The case involves a then-14-year-old boy who caused $48,630 in damage when he attached a padlock to just one sprinkler head inside Wellington secondary but set off other sprinklers.
B.C. Supreme Court Justice Shelley Fitzpatrick says its the first time ever that a court has wrestled with interpreting the section of the School Act that concerns intentionally destroying school property.
The school district argued during the civil trial that the boy, who The Canadian Press has chosen not to name because of his age, was negligent and his intentional act caused the damage.
His parents argued the teen didn't intend to cause the damage and the school should have taken steps to prevent such an incident.
Fitzpatrick says that had the boy considered his actions, he would have realized that he might have broken the sprinkler, and as a result he is negligent and his parents must pay for the damage, court costs and interests.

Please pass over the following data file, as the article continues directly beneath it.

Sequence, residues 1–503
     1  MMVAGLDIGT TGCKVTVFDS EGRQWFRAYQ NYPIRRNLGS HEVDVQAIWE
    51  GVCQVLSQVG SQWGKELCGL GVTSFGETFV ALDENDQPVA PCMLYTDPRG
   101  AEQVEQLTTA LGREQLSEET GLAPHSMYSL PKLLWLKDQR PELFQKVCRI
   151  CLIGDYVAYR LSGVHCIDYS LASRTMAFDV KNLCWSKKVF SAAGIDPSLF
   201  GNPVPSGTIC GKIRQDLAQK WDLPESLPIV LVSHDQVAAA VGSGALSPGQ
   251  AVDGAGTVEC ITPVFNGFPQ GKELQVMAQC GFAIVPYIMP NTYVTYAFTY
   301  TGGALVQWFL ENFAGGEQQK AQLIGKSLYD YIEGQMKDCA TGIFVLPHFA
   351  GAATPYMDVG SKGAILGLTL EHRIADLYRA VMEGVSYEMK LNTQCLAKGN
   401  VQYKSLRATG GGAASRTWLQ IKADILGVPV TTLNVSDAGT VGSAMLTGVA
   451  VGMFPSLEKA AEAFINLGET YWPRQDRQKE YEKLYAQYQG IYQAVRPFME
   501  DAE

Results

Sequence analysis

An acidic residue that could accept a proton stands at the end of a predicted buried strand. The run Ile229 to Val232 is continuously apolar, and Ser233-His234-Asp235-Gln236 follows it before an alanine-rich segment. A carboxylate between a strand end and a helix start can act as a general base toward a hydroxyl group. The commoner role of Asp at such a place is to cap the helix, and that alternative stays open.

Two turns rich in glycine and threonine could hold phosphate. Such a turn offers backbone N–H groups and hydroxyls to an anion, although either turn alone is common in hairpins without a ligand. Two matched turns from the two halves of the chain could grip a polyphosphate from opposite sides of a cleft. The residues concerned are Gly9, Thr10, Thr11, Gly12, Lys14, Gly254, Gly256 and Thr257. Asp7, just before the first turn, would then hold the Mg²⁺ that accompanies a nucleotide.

"I am sure that this is a very unfortunate result for the ... family and perhaps it will be for other families in the future.
She says the incident was "clearly the result of a young boy misbehaving," and the boy might have thought that the only grief would come to the janitor and a friend who owned the padlock.
"Obviously more dire consequences followed. However, if there is to be any change to this provision in the School Act, that is a matter for the legislature, not the courts."